Paramedic Sentenced to Five Years in Death of Elijah McClain

A Colorado paramedic convicted in the 2019 death of Elijah McClain, a young Black man whose case helped drive the national police reform movement, was sentenced on Friday to five years in prison.

The case was a rare criminal prosecution of emergency medical personnel, and stirred outrage among paramedics and firefighters across the nation who worry that urgent decisions made as part of their jobs can be criminalized.

The paramedic, Peter Cichuniec, 51, a former lieutenant with Aurora Fire Rescue, was convicted in December of criminally negligent homicide and second-degree assault for the unlawful administration of drugs. He was one of five police officers and paramedics prosecuted in state district court over three consecutive trials.

A second paramedic and a police officer were also convicted. In January, Randy Roedema, 41, a lieutenant in the Aurora Police Department officer at the time, was sentenced to 14 months in a county jail. Jeremy Cooper, the paramedic working with Mr. Cichuniec, is scheduled to be sentenced in April.

In a courtroom packed with Mr. Cichuniec’s family and dozens of firefighters from across the country, District Judge Mark Douglas Warner said he took many variables into consideration, including praise for Mr. Cichuniec’s character from those who knew him, weighed against the “death of a young man who is simply walking home from a convenience store.”

During more than an hour of character statements, family members, friends and colleagues testified that Mr. Cichuniec was a compassionate man and skilled leader with a “servant’s heart” who was emotionally wrecked by the death of Mr. McClain.

Handcuffed and wearing his striped inmate’s uniform, Mr. Cichuniec began his request for leniency by saying he had taken an oath 18 years ago to put other people’s lives before his own. “I wish I could look Ms. McClain in the eye and tell her that Elijah would be OK,” he said, adding his the young man’s death destroyed him as a person, a father and a parent. “I am sorry that Elijah McClain is no longer with us.”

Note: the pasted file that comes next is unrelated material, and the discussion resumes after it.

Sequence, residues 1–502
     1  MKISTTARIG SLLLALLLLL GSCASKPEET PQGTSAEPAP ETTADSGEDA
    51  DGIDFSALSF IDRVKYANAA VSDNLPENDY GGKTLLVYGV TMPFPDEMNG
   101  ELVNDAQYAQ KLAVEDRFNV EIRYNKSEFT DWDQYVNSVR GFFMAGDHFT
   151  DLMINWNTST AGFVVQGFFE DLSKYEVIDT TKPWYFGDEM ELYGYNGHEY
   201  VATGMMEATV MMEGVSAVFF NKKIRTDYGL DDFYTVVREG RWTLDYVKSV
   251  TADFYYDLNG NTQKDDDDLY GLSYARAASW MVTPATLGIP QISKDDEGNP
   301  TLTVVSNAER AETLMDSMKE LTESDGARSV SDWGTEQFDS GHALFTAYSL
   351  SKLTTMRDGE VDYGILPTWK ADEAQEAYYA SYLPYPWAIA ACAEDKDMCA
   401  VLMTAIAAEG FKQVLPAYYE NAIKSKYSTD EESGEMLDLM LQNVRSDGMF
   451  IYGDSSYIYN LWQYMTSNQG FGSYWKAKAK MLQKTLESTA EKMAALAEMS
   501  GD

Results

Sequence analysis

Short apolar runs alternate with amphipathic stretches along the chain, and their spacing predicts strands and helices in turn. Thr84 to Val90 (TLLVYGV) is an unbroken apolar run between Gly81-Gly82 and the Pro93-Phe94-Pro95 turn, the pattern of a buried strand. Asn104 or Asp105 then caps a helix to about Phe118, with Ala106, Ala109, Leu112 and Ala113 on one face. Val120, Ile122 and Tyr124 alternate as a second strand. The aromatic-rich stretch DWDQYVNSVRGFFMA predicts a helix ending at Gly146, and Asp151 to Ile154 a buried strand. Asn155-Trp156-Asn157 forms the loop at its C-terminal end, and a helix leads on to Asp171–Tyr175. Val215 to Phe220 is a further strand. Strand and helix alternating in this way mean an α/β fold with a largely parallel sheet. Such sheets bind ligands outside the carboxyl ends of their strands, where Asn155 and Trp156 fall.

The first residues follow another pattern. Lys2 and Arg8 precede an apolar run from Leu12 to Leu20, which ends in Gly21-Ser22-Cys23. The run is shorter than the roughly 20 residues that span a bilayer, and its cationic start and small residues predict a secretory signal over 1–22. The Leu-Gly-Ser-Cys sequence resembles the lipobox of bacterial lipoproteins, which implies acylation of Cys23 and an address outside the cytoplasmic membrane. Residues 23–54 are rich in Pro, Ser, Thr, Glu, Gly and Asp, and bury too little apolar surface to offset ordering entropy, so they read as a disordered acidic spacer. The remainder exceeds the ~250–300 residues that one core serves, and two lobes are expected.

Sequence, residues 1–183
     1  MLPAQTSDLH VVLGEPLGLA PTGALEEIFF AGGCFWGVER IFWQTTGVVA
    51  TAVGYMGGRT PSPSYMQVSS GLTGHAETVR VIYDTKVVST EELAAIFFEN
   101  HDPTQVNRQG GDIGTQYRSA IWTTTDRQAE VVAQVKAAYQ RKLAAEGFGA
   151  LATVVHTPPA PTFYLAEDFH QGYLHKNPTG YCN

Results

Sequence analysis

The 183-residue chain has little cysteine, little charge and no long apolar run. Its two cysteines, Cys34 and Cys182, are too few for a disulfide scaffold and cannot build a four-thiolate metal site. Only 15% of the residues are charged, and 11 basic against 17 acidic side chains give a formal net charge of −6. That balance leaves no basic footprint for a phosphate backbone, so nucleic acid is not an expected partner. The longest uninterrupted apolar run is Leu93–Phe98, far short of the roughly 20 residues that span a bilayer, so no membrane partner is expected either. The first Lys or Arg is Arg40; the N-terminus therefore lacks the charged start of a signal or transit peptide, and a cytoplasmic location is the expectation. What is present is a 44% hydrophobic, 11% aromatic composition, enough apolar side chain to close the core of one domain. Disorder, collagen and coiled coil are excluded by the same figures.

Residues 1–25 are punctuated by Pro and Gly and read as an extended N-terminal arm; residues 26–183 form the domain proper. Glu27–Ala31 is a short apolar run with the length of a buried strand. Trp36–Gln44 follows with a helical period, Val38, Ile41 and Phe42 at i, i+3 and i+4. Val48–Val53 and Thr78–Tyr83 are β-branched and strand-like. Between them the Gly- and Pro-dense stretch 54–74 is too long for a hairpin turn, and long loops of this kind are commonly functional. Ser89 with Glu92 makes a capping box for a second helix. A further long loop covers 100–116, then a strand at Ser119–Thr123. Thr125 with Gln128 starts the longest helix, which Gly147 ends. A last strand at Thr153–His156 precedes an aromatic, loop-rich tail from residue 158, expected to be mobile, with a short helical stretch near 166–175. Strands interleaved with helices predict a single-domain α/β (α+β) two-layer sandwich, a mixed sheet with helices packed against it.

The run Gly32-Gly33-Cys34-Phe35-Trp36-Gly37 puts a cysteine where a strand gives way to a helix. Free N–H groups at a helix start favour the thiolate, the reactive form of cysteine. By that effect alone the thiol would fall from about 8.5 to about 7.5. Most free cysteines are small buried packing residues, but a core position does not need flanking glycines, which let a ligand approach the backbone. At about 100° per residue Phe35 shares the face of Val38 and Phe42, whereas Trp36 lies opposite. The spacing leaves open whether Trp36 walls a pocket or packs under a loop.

The judge also heard an impassioned statement from Mr. McClain’s mother, Sheneen McClain, who said her son’s death was not a terrible tragedy but an avoidable murder. She said she thought of firefighters as “local heroes” until “I watched them murder my son,” she said.

She said the paramedics “did not save him” and “felt no need to stop the brutality.”

Ms. McClain emerged from the courtroom with her fist raised, and had no further comment.

Mr. Cichuniec was facing up to 16 years in prison, and the sentence he received was the most lenient based on mandatory sentencing guidelines. The judged added another year on a separate charge, to be served at the same time as the five-year sentence.

The convictions of the two paramedics shook the world of emergency workers who have typically been shielded from criminal prosecution — and it forced questions about the dynamic between the police and paramedics at a scene.

In August 2019, Mr. McClain, a 23-year-old massage therapist, was returning home from a store when he was confronted by police who were responding to a 911 call about a suspicious person. During a quickly escalating encounter, Mr. McClain was forcefully restrained by police and placed in a carotid chokehold, a neck restraint that has since been banned in Aurora and other police departments. Paramedics then injected him with an overdose of the powerful sedative ketamine. He died in a hospital several days later.

In three separate trials, prosecutors collectively argued the excessive force of police officers and the indifference of paramedics both played a role in killing Mr. McClain.